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Op/ed: The Rise of Single-Parent Homes Is Not a Good Thing

Economist in New Book Argues Policies Should Fight ‘Widening Class Gap in Family Structure’

By Melissa S. Kearney

silhouettes of a family of three with a fourth shadow

A UMD economist's new book outlines how homes with two dedicated parents provide a range of material and other advantages to children.

Illustration by Shutterstock

The plummeting percentage of children who live in two-parent homes has not been widely lamented out of a well-intentioned effort to be inclusive of diverse family arrangements, but the change is reinforcing a growing divide in society, University of Maryland economics Professor Melissa Kearney writes in a new essay in The New York Times.

In her new book released on Monday, “The Two-Parent Privilege: How Americans Stopped Getting Married and Started Falling Behind,” Kearney argues that policymakers, scholars and journalists should take into account the advantages of two-parent households, including higher incomes and more time for nurturing children, and work to improve the well-being of millions of children.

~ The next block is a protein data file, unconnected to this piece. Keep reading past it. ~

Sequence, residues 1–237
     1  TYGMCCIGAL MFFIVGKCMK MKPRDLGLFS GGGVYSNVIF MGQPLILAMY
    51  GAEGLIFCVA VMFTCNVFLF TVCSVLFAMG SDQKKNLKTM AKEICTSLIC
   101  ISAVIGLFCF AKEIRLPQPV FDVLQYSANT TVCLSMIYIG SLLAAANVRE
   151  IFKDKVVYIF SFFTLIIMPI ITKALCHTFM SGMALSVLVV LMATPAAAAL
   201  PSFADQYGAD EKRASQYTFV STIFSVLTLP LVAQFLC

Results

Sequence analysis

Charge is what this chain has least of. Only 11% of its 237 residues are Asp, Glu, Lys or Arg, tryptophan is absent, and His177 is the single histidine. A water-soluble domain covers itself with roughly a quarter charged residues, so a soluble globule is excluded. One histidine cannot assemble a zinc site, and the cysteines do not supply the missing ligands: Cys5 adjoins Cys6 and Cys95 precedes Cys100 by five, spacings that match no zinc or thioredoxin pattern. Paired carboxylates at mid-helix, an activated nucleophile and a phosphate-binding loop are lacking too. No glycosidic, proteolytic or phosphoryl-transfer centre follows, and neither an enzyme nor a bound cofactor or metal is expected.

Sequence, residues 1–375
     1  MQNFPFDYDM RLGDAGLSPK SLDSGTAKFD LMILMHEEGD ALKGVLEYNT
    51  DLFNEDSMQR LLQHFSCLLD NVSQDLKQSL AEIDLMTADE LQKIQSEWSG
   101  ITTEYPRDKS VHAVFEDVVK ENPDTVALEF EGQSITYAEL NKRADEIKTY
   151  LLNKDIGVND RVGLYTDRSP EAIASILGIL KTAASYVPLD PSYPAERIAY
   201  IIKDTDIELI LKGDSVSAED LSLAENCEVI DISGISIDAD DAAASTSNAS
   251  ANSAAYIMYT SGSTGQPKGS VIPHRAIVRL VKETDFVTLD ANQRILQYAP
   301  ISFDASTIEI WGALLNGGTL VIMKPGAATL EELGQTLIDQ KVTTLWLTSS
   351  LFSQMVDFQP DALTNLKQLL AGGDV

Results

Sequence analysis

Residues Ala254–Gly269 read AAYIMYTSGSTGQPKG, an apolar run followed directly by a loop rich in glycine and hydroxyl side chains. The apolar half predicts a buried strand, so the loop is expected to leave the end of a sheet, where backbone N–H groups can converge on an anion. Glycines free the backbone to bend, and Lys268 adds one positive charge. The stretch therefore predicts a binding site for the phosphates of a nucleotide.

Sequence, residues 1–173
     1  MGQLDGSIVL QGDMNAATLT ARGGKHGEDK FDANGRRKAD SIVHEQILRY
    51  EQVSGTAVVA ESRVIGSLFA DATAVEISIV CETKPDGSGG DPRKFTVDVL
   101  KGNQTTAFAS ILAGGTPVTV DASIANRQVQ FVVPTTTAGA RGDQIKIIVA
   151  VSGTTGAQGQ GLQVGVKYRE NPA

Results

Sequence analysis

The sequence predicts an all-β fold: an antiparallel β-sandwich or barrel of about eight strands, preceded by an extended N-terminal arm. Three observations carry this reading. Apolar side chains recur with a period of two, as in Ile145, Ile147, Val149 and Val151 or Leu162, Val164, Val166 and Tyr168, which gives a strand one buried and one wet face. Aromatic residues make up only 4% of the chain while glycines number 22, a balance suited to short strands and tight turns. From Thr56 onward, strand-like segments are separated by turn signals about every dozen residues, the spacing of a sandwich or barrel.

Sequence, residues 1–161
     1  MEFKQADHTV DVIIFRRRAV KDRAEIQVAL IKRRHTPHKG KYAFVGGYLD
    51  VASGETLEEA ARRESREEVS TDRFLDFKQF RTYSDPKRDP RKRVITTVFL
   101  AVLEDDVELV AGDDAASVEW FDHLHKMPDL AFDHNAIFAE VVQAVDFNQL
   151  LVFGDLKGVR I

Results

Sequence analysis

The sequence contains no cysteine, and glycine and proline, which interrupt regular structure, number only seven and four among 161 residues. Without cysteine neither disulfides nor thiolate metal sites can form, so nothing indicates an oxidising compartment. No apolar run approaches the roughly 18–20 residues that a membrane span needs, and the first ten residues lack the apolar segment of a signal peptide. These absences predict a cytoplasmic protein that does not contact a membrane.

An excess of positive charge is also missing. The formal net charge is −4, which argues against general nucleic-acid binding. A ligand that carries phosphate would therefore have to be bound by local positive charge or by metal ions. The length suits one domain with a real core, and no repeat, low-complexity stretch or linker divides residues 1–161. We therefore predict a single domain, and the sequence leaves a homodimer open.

The share of American children living with married parents has dropped considerably: In 2019, only 63% lived with married parents, down from 77% in 1980. Cohabitation hardly makes up for the difference in these figures. Roughly a quarter of children live in a one-parent home, more than in any other country for which data is available. Despite a small rise in two-parent homes since 2012, the overall trend persists.

This is not a positive development. The evidence is overwhelming: Children from single-parent homes have more behavioral problems, are more likely to get in trouble in school or with the law, achieve lower levels of education and tend to earn lower incomes in adulthood. Boys from homes without dads present are particularly prone to getting in trouble in school or with the law.

Read the rest of her essay in The New York Times.



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